Laser and Electron Beam Technology for Parity Violating Electron Scattering Measurements

Palatchi, Caryn, Physics - Graduate School of Arts and Sciences, University of Virginia
Paschke, Kent, AS-Physics, University of Virginia

Parity violating electron scattering (PVES) is a precision tool used in a broad program of experiments which include studying the structure of protons and nuclei and searching for new Beyond the Standard Model (BSM) physics. In parity violation electron scattering experiments, a longitudinally polarized electron beam is incident on an unpolarized target. The sign of the longitudinal polarization is changed (making a parity transformation), and the fractional rate difference between right and left helicity states is measured. An interference between the electromagnetic and weak amplitudes, gives rise to a parity violating asymmetry Apv, defined by the fractional rate difference between right and left helicity states. Apv can be measured to extraordinarily high precision and is proportional to the ratio of the weak and electromagnetic amplitudes.

This thesis highlights three such PVES experiments as well as a new polarized beam source which will improve their precision. The PVES experiments are PREX-II, MOLLER, and a 12C transverse asymmetry measurement at Mainz. Chapters 1-3 of this thesis cover introductions to MOLLER and PREX-II, Chapter 4 contains the results of the 12C transverse asymmetry measurement at Mainz, and Chapters 5-6 contain the original Pockels cell work performed by this author. PREX-II, the Lead Radius Experiment, measures the weak skin of the 208Pb nucleus, provides a clean measurement of Rn, the RMS radius of neutrons in a heavy nucleus, and constrains the equation of state (EOS) of highly dense matter which is important for describing neutron star structure, heavy ion collisions, and atomic parity violation experiments. The 12C transverse asymmetry measurement at Mainz addresses an important systematic correction for PREX and other PVES experiments preformed with heavy-nuclei. MOLLER (Measurement Of Lepton Lepton Electroweak Reaction) is an extremely precise PVES experiment searching for new neutral currents in electron-electron scattering. It’s called MOLLER because it will measure Apv in the Moller ee scattering process, and will infer the weak charge of the electron to extremely high precision. MOLLER is sensitive to new Beyond the Standard Model physics at MeV and multi-TeV scales and will serve as an indirect complementary measurement to direct searches at high energy colliders. To achieve high precision measurements on Apv for MOLLER, we have developed an innovative Rubidium Titanyl Phosphate (RTP) Pockels cell in the polarized source to satisfy both statistical and systematic requirements as regards the electron beam produced. This new ultra-fast RTP cell design uses electric field gradients to provide unprecedented control over helicity correlated beam asymmetries and has been demonstrated to be capable of producing precisely controlled polarized electron beam at Jefferson Laboratory, controlling beam steering down to the nm-level. The precision reached with the RTP cell offers sufficient control over and minimization of helicity correlated beam asymmetries to perform PREXII. The RTP Pockels cell system will provide fast flipping and suitable control helicity correlated beam asymmetries and parity quality beam for the future MOLLER experiment, providing an unprecedented precision on the electron weak charge and electroweak mixing angle.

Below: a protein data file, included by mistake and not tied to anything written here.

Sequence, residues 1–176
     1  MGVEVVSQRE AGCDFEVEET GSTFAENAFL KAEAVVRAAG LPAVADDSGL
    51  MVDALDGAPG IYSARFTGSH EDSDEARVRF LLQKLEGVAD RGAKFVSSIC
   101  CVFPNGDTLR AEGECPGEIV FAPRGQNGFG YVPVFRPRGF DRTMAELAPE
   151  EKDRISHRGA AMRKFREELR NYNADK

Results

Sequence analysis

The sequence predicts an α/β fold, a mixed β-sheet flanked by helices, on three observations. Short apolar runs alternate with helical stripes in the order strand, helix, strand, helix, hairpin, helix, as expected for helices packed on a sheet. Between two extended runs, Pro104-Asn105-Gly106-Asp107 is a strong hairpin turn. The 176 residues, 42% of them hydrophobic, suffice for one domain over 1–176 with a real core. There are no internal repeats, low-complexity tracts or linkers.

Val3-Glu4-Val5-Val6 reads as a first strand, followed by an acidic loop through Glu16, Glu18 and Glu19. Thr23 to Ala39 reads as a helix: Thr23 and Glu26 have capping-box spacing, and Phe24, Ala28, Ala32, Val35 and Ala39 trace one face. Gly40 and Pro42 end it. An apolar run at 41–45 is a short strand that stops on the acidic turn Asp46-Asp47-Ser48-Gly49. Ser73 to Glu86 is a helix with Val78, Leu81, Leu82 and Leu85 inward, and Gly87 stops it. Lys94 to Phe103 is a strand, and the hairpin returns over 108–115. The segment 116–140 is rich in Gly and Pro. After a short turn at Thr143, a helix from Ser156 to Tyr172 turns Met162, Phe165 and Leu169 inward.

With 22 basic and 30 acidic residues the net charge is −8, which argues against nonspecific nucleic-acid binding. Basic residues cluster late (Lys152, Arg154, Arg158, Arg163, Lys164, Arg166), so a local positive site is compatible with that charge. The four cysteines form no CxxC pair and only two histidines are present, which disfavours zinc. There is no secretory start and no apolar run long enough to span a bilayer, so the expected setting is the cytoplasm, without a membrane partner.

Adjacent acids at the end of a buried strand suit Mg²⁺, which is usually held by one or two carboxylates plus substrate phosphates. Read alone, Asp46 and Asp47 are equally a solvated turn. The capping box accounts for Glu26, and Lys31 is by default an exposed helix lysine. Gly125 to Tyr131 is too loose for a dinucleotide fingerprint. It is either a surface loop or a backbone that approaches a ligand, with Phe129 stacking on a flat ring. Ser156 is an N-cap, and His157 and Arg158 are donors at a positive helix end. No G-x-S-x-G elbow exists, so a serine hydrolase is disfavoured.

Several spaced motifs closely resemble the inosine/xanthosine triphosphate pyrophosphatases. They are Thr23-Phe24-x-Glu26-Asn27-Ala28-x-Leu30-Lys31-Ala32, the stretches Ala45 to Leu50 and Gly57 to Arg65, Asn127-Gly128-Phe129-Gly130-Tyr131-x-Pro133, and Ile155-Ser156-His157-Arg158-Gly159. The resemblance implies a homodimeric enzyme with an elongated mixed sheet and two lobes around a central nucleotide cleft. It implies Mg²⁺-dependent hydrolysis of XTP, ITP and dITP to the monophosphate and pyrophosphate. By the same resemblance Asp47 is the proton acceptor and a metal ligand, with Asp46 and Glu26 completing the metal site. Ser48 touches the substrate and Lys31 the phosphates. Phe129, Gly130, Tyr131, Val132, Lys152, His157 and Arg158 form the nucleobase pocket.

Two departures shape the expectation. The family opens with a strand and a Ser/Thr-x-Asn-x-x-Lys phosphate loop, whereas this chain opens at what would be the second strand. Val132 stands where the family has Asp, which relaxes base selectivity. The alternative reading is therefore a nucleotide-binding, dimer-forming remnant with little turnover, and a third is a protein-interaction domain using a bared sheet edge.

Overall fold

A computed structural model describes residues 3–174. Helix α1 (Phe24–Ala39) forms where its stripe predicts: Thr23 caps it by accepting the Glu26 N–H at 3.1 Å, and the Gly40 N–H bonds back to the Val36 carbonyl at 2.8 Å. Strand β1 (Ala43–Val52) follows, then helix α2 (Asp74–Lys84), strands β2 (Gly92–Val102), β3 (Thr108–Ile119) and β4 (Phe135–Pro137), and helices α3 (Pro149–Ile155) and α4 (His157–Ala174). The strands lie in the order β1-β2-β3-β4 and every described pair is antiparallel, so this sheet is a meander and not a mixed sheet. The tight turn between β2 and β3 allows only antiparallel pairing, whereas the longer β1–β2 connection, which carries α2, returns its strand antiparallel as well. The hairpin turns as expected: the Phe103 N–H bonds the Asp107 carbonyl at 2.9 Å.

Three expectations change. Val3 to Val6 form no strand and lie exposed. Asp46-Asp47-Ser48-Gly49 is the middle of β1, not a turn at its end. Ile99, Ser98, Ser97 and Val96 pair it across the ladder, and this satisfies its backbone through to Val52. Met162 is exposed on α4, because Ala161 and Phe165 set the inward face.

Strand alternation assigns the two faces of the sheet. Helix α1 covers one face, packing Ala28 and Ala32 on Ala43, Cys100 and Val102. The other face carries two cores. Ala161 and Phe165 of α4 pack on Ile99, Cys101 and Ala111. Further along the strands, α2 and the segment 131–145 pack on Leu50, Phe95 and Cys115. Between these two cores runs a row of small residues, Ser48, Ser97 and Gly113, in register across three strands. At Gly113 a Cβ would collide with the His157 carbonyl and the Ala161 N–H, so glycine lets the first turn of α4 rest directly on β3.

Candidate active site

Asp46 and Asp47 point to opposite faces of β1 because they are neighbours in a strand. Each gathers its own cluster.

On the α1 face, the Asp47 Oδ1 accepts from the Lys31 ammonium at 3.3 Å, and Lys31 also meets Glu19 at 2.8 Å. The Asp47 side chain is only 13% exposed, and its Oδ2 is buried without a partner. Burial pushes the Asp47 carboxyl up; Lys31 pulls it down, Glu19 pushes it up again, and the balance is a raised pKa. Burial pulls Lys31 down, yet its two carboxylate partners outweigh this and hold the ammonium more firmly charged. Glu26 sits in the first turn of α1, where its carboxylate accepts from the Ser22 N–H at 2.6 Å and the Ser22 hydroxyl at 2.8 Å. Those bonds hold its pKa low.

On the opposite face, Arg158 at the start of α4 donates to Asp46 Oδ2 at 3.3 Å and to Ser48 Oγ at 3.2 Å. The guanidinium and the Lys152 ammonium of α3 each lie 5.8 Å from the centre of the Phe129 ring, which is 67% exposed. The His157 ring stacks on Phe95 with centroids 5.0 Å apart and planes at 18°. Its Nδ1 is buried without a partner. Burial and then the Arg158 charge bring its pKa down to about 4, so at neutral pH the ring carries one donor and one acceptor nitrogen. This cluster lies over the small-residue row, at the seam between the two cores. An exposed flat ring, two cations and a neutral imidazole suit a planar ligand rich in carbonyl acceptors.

PHD (Doctor of Philosophy)
Parity Violation, PREX, MOLLER, Pockels Cell, Rubidium Titanyl Phosphate, RTP, Lead Radius, Weak Mixing Angle
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